Santa Fe’s winter has been tepid this year and, much to my dismay, it felt like spring was already springing. And this is why we should never give up hope. It has snowed three times in the last two weeks and more snow is expected tonight. Even a thin blanket of snow is welcome as we need the moisture and I love the snow.
But before spring officially does arrive, I made an eggplant and chickpea stew with Morrocan spices to warm the fire within. Because what’s better than sitting in front of a fire with a hot bowl of stew while it’s snowing? And it may be the last stew to enjoy prior to diving into salad season. Truthfully, it was a beautiful eggplant that inspired this dish as well as a friend who recently made something similar that has lingered on my palate.
Benefits of Stews and Spices
This stew comes together quickly and easily and the flavor is heightened by the addition of assertive Moroccan spices. Cumin, paprika, coriander, turmeric, a pinch of cinnamon and red pepper flakes, this stew is not short on flavor. In fact, these spices come together brilliantly to make a balanced dish that you will want again and again. After simmering for one-hour on the stove, the eggplant and vegetables break down and soften while the aroma of the spices perfumes the entire house.
One thing I love about stews (and soups) is that they make even better leftovers. Store any leftovers in the freezer for those days when no one wants to cook or knows what to cook. Having something wildly delicious and ready-to-go in the freezer always makes me happy. Simply defrost, heat, serve over rice and dinner is done.
And It’s Vegan
Another benefit to vegetable stews is that they are inherently vegan, but we don’t have to mention this. The meatiness of the eggplant will fool them all into thinking that this stew is hearty enough and won’t leave anyone missing the meat.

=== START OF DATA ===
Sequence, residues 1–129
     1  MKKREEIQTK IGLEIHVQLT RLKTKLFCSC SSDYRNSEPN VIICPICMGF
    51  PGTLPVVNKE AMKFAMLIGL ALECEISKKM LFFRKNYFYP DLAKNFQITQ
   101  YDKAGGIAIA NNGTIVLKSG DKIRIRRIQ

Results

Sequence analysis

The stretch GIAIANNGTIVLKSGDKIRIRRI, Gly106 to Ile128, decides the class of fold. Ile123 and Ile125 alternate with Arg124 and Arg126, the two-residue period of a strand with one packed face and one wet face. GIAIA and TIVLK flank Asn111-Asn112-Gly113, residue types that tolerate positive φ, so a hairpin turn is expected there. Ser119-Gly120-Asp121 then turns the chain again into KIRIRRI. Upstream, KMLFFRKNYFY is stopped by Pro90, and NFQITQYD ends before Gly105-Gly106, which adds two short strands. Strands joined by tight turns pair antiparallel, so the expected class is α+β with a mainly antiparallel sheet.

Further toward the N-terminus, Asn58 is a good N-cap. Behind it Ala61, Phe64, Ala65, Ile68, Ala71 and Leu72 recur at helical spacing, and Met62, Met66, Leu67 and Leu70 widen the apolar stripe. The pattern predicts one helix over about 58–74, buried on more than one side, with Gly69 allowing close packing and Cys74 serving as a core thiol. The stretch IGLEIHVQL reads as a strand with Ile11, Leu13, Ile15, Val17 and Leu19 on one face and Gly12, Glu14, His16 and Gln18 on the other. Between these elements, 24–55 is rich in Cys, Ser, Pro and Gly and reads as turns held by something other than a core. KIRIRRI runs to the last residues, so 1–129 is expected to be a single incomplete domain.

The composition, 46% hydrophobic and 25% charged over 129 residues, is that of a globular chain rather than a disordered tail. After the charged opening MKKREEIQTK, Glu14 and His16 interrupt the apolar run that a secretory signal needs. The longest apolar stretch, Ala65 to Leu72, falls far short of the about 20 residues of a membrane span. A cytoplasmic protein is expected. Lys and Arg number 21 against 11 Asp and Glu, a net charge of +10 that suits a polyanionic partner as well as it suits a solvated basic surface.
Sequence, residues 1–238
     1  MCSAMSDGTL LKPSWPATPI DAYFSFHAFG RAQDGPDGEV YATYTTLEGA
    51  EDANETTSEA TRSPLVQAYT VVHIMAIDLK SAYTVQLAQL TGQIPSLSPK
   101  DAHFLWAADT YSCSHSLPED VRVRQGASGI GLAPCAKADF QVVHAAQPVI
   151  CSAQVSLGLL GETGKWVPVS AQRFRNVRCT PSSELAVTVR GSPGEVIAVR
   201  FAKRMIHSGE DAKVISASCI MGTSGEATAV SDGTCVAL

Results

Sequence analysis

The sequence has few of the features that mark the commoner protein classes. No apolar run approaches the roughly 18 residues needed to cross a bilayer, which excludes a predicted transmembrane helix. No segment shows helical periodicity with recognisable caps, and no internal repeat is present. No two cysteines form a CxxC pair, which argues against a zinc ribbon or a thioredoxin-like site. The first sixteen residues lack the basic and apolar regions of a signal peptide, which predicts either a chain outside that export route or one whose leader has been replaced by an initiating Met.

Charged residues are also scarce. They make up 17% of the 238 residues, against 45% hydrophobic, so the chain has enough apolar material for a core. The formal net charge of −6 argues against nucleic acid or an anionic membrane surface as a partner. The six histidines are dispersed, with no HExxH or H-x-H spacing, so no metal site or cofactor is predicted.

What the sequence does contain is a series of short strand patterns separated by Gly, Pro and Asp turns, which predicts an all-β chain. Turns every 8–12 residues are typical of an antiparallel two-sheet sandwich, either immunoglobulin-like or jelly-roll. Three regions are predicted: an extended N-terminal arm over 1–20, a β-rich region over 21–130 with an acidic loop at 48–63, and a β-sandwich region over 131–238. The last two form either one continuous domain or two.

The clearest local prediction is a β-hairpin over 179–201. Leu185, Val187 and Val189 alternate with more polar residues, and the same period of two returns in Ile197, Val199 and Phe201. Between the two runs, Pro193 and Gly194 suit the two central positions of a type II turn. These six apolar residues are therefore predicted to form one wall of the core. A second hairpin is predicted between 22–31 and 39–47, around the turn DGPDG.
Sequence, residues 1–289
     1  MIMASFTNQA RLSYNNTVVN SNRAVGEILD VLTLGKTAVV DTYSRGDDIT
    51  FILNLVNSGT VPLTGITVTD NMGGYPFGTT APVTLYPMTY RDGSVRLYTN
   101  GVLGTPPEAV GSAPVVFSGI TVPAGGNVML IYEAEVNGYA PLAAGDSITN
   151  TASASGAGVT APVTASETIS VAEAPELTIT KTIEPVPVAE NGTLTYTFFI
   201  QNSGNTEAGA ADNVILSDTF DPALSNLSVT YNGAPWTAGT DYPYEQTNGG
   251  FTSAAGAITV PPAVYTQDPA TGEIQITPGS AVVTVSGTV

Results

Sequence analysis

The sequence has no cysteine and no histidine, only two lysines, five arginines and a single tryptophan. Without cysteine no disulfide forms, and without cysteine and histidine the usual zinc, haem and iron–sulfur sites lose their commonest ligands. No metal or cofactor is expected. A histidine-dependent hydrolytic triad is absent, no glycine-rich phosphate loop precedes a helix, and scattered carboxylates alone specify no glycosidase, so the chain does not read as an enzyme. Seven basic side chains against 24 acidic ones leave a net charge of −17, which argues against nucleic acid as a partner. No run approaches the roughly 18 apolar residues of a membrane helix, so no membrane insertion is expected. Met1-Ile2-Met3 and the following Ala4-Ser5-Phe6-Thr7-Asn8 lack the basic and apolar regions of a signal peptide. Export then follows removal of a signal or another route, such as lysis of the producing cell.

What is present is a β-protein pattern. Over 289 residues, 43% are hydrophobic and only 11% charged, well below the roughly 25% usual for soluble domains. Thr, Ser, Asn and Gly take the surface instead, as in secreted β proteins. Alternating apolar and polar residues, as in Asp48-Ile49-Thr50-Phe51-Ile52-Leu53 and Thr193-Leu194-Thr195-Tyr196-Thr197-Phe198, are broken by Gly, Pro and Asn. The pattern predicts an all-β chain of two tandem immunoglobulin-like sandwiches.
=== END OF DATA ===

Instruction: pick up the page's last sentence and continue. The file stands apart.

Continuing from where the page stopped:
Serve with turmeric rice and/or protein of your choice for a wholesome meal before we really do spring into spring.
Moroccan-Spiced Eggplant and Chickpea Stew
This stew is so hearty and wholesome--and vegan, most people won't even know it doesn't have any meat. It comes together easily and simmers on the stove to fill your house with an amazing aroma. The spices are what elevate this dish from a simple stew to something that is bold and flavorful. Serve over rice, couscous or with salmon or protein of choice.
- 1 large eggplant peeled and cubed
- 1 teaspoon Kosher or sea salt for sprinkling over the cut eggplant
- 3 tablespoons extra virgin olive oil and more as needed for cooking
- 1 yellow onion diced
- 1 teaspoon kosher or sea salt divided into two half teaspoons
- 1 carrot diced
- 1 rib celery diced
- 1 bell pepper your choice of color, but I prefer red or yellow
- 3 cloves garlic minced
- 2 teaspoons paprika
- 2 teaspoons cumin
- 1/2 teaspoon ground turmeric
- 1/2 teaspoon ground coriander
- 1/2 teaspoon freshly ground black pepper
- 1/4 teaspoon ground cinnamon
- Pinch red pepper flakes
- 1 15 oz. can chickpeas do not drain, as you will use the liquid
- 1 15 oz. can water
- 1 28 oz. can diced tomatoes
Peel and chop the eggplant and place in a colander with 1 teaspoon of salt. Set aside and let the eggplant sweat for 1 hour.
Once the eggplant has extracted liquid, rinse the eggplant and place on a dry kitchen towel to remove any excess liquid.
In a soup pot over medium heat, add olive oil.
Once hot, add the onion, eggplant and 1/2 teaspoon of salt and cook until soft, about 10 minutes, stirring frequently.
Add the diced carrot, celery, bell pepper and the remaining half teaspoon of salt. Stir well to coat and cook 5 minutes.
Add minced garlic and spices (paprika, cumin, turmeric, coriander, black pepper and red pepper flakes) and cook for 3 minutes, stirring so the spices don't burn.
Add chickpeas and the liquid and stir to blend the spices.
Fill the can that the chickpeas were in with water and add to the pot, stirring well to combine.
Add canned tomatoes and stir again to mix everything together. Increase the heat to medium-high and cook for about 10 minutes, bringing it to a simmer.
Reduce heat to medium-low and cook for 1 hour.
Taste the stew and adjust seasonings if needed, adding a bit more salt to taste, if desired.
Turn off the heat and let the stew meld until ready to serve.
Reheat the stew and serve over turmeric rice, white rice, brown rice or couscous and/or your protein of choice.
Place any leftovers in the refrigerator for up to five days or put the stew directly into the freezer for a day when you don't want to cook.